The Importance of the Unfamiliar

By Jacquelyn Harms


Two years ago, I traveled to the beautiful country of Turkey to be an intern for a non-profit that worked with children with disabilities.

When people asked me why I chose Turkey as opposed to places like France or Italy, my answer was easy. I wanted to be immersed in a culture completely different than my own. I wanted to engage with the unfamiliar. I had never been to a place with a religion predominantly different than my own or a place that wasn’t westernized. I was excited to experience a new place with completely different values than what I was used to.

I stayed with a host family in Turkey. My days were bookmarked with sharing our experiences and stories over meals cooked by my host mother. I grew especially close with my host sister-she taught me all about growing up in Turkey, as well as the political landscape in Turkey. As an international affairs and political science major, it was very interesting to me to hear this from a Turkish citizen as opposed to pages of a textbook. I gained a perspective I never thought I would have.

She would also ask me questions about American culture and politics. We learned a lot from each other. However, I still remember those sweet moments when we would simply bond over small things. We would watch Turkish television and American television-we would laugh at the Kardashians and dance to Beyonce.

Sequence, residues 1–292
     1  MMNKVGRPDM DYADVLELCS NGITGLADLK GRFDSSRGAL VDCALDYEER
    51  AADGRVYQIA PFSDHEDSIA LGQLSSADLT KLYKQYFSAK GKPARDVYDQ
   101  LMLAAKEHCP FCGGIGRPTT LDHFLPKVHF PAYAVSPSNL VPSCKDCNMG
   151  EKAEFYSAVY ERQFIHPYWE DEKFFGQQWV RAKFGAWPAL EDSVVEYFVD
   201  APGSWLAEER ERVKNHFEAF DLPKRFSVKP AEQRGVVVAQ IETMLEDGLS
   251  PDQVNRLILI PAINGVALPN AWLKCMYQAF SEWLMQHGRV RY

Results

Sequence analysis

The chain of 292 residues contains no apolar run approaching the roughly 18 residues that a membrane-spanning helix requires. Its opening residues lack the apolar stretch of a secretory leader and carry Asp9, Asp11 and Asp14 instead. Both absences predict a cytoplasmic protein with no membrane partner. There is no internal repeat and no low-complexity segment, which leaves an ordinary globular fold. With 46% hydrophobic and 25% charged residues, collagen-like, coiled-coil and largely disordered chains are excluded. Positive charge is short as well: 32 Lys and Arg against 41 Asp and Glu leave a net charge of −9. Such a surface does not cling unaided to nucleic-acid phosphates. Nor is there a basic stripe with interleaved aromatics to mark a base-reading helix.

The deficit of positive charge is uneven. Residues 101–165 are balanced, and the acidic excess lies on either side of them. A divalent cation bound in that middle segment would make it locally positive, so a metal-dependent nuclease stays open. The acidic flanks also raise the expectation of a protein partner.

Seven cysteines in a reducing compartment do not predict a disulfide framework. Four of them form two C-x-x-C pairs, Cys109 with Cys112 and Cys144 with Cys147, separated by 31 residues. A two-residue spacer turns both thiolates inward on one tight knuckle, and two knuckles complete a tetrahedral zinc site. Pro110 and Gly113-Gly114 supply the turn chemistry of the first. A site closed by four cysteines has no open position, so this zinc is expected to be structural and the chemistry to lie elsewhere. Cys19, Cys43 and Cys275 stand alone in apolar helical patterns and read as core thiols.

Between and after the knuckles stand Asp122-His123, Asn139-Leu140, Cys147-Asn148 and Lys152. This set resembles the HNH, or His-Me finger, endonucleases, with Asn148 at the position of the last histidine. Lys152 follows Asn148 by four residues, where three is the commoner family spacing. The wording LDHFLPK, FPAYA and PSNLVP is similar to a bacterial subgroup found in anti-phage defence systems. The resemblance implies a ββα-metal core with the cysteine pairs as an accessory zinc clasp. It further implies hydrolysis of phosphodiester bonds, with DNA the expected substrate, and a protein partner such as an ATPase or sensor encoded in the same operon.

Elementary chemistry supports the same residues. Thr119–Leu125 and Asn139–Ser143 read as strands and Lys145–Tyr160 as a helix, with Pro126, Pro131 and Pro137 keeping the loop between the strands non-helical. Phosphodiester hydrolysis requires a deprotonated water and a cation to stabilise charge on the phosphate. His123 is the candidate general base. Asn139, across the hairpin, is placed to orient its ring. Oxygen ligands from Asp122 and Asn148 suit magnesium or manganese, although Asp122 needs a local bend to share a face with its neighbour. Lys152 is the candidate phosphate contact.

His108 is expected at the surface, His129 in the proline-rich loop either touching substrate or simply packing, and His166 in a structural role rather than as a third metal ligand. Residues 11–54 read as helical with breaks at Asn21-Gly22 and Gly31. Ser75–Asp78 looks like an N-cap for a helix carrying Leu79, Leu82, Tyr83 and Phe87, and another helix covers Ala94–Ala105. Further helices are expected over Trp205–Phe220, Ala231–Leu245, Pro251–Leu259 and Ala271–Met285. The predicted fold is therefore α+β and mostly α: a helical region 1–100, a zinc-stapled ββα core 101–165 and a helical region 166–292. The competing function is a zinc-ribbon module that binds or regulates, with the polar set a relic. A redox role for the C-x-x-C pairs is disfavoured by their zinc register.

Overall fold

We still message each other to this day. During the Turkish coup last summer, she and her mother were the first thing that crossed my mind. Luckily, they were and still are safe. She would message me asking me questions about the 2016 election and Black Lives Matter, while I would ask her about President Erdogan. I truly have made a connection that is thousands of miles away from me, and I full intend to keep that connection.

During my time in Turkey I was in environments I had never experienced before. There were beautiful mosques on every corner, and I had happened to visit during Ramadan. It was interesting experiencing this religion and holiday in a way a book could never could show me. I’ll always remember standing outside on my host sister’s porch. Her apartment perched on the top of a hill, so I could easily see all the apartments on the street below me. When the sun set and the mosques began calling out their prayers, I saw children that were playing on the streets drop their toys and run inside to eat. I saw families gather around tables, sing, and join together in a cooked meal. It was wonderful seeing all that unfold before me. It is something I will never forget.

By experiencing the unfamiliar, I have come across the familiar. Even though my host sister and I led very different lives in very different cultures, we still bonded together as human beings. This has only reinforced a lesson to me: that our similarities brings humans together more than our differences drive us apart.